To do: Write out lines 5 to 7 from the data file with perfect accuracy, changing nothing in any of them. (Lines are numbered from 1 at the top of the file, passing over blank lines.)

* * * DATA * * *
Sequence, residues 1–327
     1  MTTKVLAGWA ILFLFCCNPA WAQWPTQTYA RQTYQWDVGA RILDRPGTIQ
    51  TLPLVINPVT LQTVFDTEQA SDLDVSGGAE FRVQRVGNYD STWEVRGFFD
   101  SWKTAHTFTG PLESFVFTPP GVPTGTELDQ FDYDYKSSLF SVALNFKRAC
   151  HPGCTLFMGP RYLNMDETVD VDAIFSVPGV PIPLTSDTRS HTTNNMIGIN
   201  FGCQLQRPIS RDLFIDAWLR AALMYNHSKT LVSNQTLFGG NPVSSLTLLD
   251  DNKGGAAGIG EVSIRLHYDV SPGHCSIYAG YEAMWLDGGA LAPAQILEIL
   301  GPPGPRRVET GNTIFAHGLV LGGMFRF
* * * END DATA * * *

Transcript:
   151  HPGCTLFMGP RYLNMDETVD VDAIFSVPGV PIPLTSDTRS HTTNNMIGIN
   201  FGCQLQRPIS RDLFIDAWLR AALMYNHSKT LVSNQTLFGG NPVSSLTLLD
   251  DNKGGAAGIG EVSIRLHYDV SPGHCSIYAG YEAMWLDGGA LAPAQILEIL